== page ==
Thursday, January 10, 2008

The Meaning of Songs

Since internet, websites, Wikipedia and so on that a very new thing to me, who has never bought magazines about music, is possible: to read the autentic meanings, reasons and origins of songs and, more specifically, song lyrics.

I can discover what their authors really meant when writing those songs; I can research the story behind their lyrics; I can even dig in what the authors didn't want to say and which possible hypotetical meanings they object to.

However, all of these, eventhough satisfying my curiosity and, many times, my difficulty in textually and contextually understanding lyrics, is always painful.

Painful because very often the meaning is so trivial, so banal. Other times, it's just infamous, like writing a beautiful sad song that, after all, is just a complaint and or an attack directed to some ex-band member.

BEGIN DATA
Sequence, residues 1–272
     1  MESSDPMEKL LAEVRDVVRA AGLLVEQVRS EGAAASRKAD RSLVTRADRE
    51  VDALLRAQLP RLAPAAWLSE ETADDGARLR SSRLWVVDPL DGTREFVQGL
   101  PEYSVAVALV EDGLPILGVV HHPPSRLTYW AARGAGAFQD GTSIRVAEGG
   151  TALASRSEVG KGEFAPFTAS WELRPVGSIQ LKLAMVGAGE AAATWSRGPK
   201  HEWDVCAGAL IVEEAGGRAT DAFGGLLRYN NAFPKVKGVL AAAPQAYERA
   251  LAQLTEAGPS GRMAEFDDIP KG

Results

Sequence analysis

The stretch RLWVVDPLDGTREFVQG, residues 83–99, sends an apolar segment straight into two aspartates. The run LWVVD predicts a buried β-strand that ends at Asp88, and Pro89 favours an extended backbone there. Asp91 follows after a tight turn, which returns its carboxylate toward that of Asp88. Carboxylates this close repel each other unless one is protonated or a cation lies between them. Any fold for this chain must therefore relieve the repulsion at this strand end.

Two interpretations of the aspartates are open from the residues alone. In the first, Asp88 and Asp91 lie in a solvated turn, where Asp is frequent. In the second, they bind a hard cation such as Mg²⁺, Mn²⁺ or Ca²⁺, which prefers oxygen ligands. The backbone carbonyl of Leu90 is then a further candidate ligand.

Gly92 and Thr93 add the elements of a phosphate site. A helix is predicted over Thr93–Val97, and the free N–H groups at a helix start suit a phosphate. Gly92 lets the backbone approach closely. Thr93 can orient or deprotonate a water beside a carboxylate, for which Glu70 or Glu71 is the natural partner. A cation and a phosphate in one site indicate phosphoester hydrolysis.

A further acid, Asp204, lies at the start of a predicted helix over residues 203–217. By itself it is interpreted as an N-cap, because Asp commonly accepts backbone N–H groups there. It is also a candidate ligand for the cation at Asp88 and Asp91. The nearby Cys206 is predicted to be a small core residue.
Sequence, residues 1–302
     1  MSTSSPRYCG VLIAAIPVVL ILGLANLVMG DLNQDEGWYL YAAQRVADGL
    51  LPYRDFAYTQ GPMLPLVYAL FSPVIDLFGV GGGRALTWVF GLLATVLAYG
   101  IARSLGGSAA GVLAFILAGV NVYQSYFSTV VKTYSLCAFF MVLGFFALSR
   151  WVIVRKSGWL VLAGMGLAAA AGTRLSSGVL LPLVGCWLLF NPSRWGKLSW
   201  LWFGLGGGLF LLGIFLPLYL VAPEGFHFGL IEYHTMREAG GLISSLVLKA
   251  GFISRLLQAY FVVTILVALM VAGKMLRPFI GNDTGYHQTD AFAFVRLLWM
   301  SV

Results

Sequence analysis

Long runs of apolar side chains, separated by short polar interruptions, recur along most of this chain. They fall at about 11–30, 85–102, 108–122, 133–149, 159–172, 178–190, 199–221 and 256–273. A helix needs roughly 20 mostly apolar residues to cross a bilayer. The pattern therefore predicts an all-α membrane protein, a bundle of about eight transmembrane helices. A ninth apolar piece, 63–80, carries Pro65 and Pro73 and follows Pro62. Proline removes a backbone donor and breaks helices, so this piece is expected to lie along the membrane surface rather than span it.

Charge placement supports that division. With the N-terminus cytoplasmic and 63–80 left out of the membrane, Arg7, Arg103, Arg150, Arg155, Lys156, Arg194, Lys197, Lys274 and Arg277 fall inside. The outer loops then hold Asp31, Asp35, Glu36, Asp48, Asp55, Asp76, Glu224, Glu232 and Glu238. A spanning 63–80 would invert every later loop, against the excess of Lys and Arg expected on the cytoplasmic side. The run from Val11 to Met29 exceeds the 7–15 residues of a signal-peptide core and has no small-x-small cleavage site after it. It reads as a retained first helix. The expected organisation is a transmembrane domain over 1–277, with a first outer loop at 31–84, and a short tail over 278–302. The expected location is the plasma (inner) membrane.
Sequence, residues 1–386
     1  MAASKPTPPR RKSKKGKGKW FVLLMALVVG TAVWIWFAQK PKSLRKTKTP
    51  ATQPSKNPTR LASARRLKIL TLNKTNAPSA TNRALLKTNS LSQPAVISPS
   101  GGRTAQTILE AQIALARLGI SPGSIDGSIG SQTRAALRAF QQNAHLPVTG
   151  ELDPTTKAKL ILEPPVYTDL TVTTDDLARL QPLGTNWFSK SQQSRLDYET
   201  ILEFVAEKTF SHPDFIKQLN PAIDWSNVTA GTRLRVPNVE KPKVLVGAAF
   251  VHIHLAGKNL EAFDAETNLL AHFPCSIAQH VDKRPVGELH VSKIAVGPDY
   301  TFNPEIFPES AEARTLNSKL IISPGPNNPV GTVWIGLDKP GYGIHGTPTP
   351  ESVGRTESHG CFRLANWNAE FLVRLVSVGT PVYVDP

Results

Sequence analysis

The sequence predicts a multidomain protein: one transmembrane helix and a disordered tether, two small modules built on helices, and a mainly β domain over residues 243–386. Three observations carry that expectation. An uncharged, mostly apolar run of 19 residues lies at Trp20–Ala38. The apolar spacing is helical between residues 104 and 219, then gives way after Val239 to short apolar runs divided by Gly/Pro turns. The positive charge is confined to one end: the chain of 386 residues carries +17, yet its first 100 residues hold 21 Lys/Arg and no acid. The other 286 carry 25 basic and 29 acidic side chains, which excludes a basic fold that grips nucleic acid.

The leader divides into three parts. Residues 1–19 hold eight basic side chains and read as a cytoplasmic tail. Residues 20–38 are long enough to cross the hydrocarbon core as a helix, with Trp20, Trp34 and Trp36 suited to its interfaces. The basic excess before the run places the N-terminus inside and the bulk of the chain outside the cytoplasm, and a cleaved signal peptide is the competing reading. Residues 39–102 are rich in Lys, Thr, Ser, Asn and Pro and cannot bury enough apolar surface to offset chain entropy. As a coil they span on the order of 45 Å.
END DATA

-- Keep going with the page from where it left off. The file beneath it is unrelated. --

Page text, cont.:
But even when the reason behind a song is pure and lovely, knowing its true meaning and reason is still painful: because it just destroys all our possible imagination. It prevents our appropriation of the song. It tells us that OUR meaning, its connection to our life, is in reality false. Knowing the true meaning, I have to face that the song was not created for me, because of my life, and inpired on my feelings and the feelings of those related to me through love links.

I cannot anymore tell the song is mine our ours!

Walt Disney's movies of Pinocchio, Snow White and so many others have pinned down the image of those characters. It is no longer possible to me to take part in the authorship of those stories, drawing with my imagination the aspect of those characters.

Websites with authentic meanings of songs do the same: they destroy our possible co-authorship of songs. We can no longer paint them.

I rather prefer books with no images.

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